The Flash Annual #3 Review
Wally West is finally introduced into the New 52.
The story is muddy, the writing is poor and art is touch and go at best.
In the third Flash annual of the New 52 we get a lot of talking, a costume change for Barry and a not-so-politically correct introduction to fan-favourite speedster Wally West.
The first 18 pages of The Flash Annual #3 are all talking with a brief flash-forward to a time that is not quite in line with the Future’s End plotline DC is currently publishing. From this detail alone it is clear that the team of Van Jensen and Robert Venditti (the writer who undid so much of what was good about the Green Lantern title), have no idea what they are doing.
This issue has been toted for some time as being the Introduction of Wally West into the New 52! Regardless of one’s opinions regarding the change in ethnicity they’ve decided to make Wally African-American. Cool! Great! Where I ran into a problem was this: the African-American Wally West is discovered by the white detective Barry Allen committing a petty crime (spray-painting), and spend the next few pages of the Flash Annual #3 being held IN JAIL and waiting to be bailed out by his aunt. First off: are teenaged boys with no previous offenses thrown in jail for spray painting a wall? Second off: could we not introduce one of DC’s only characters of colour by having them engaged in criminal activity (no matter how childish it may be)?
The rest of the annual is largely downhill from there. The Flash Annual #3 cuts back and forth between present day Barry foiling some art thieves in a poorly-executed throwback to the days of DC’s past and ambiguous future Barry standing over Wally’s grave. He meets Iris West in both timelines, although she is somewhat changed in the future storyline (but I won’t spoil that in case you’ve yet to read it).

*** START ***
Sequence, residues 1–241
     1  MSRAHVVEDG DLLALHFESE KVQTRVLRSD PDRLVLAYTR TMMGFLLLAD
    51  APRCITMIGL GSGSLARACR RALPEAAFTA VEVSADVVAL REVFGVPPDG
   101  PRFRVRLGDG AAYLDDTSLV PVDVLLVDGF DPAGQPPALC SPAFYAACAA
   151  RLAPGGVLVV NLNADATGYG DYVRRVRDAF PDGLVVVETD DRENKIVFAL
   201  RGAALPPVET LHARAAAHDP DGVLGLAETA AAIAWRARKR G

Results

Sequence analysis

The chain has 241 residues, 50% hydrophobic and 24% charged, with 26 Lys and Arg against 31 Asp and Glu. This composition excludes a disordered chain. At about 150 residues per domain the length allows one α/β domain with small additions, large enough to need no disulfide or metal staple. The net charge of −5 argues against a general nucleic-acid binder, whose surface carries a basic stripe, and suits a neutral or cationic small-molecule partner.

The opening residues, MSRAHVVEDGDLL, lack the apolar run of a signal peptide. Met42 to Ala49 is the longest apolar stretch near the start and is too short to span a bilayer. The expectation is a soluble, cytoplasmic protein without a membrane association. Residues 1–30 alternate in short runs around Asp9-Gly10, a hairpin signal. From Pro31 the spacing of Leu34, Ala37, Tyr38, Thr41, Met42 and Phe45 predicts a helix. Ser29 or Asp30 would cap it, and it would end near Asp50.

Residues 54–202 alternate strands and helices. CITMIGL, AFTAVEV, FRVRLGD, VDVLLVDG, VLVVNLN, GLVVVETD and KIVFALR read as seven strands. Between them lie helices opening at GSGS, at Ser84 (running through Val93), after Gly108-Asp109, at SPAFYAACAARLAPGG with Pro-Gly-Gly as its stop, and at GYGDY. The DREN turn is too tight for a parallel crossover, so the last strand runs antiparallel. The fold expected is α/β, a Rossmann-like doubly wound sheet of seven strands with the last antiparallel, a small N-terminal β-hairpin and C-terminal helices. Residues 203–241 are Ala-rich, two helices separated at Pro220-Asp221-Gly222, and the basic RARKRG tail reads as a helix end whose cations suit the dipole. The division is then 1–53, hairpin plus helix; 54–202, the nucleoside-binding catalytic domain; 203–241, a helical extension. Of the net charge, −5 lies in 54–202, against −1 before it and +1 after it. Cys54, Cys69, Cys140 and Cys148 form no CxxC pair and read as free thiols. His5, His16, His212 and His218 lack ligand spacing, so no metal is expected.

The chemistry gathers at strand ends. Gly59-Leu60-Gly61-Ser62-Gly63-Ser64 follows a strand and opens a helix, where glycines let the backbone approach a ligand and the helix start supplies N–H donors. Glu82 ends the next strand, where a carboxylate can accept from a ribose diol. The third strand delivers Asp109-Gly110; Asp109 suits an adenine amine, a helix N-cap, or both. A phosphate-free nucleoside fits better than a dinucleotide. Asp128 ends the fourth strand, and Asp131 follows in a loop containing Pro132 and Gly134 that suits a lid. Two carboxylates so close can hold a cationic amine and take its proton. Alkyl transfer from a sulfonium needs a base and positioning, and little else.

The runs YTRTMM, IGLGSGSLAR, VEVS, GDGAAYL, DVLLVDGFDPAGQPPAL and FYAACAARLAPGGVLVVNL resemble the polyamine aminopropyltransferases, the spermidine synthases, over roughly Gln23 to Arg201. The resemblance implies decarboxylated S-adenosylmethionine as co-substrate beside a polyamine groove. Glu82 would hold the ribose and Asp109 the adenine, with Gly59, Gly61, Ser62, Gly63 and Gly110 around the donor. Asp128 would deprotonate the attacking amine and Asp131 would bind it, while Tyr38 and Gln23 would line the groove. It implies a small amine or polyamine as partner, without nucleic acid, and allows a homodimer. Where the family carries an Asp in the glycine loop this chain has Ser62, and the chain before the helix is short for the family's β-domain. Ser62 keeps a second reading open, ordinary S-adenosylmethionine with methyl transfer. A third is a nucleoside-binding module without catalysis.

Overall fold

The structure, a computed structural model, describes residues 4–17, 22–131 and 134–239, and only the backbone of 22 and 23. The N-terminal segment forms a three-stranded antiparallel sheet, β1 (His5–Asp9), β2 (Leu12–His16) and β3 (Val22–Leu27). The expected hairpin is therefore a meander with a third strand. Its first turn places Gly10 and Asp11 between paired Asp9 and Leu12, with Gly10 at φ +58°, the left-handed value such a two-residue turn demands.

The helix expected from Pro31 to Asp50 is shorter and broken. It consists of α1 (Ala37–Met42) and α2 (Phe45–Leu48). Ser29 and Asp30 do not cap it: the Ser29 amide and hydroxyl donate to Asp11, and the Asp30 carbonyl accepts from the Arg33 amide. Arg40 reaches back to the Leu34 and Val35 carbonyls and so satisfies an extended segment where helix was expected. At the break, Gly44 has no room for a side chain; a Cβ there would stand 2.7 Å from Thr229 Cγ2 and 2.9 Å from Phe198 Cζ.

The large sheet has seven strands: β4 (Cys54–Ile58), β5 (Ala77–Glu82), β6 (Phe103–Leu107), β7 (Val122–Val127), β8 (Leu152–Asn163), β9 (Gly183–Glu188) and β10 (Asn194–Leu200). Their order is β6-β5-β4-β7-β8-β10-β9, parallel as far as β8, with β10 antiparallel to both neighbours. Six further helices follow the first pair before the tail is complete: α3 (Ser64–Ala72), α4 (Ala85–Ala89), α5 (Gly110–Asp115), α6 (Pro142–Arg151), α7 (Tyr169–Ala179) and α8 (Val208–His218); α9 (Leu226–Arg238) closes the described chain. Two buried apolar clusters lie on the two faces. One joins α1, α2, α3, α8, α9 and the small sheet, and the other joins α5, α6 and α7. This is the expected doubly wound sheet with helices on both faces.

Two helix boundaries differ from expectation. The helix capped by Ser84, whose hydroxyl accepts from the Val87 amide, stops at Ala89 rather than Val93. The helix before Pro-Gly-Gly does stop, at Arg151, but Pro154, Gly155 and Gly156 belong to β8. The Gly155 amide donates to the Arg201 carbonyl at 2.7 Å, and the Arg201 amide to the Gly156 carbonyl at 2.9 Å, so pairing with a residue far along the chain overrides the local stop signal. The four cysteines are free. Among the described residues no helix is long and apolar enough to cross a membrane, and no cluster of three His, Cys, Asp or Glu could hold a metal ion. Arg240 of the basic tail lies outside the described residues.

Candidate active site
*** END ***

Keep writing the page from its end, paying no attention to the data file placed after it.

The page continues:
When not drowning in his own guilt over Wally’s death through the pages of the Flash Annual #3 Barry faces off against Gorilla Grodd … and that’s about as interesting as it sounds. The capper (again, I won’t spoil it), to this particular storyline goes so against everything I’ve ever known Barry Allen to be that some 40-odd pages lady are hardly worth skimming through as one could surmise about the rest of Jensen and Venditti’s run on the title.
It’s not even that the story they’ve put on the page is bad, it’s “meh” level at the worst – it is the misinterpretation of two beloved DC characters that leaves absolutely nothing to be desired about the Flash Annual #3.
TOUCH AND GO
Two artists, like two writers. The four creators of the Flash Annual #3 certainly prove the adage of “too many cooks in the kitchen”. Brett Booth’s pages are well done (if you can get over his recent internet insults), and Ron Frenz’s pages are disproportionate.
Barry (who appears in more panels than any other character in the entire issue), rarely looks the same from one page to another and is often forced into absurd poses. His wrists, for example, are nothing short of hyper mobile. Beyond the lackluster cameo of Wally West the remaining cast of the Flash Annual #3 are forgettable. They are all of a similar stock, though they are garbed in different outfits.
Beyond that there is nothing much worth mentioned about Booth and Frenz’s work on this issue. This is an annual and I cannot help but feel that it ought to have been something spectacular.
If you have even a passing care for any of the characters in the Flash mythology the Flash Annual #3 will probably upset you. It’s full of names and (sometimes), faces we know so twisted that the recognition feels false. Everything else about the issue is so shoddily thrown together, and with such a lack of reverence for the material, that $4.99 is a ludicrous asking price.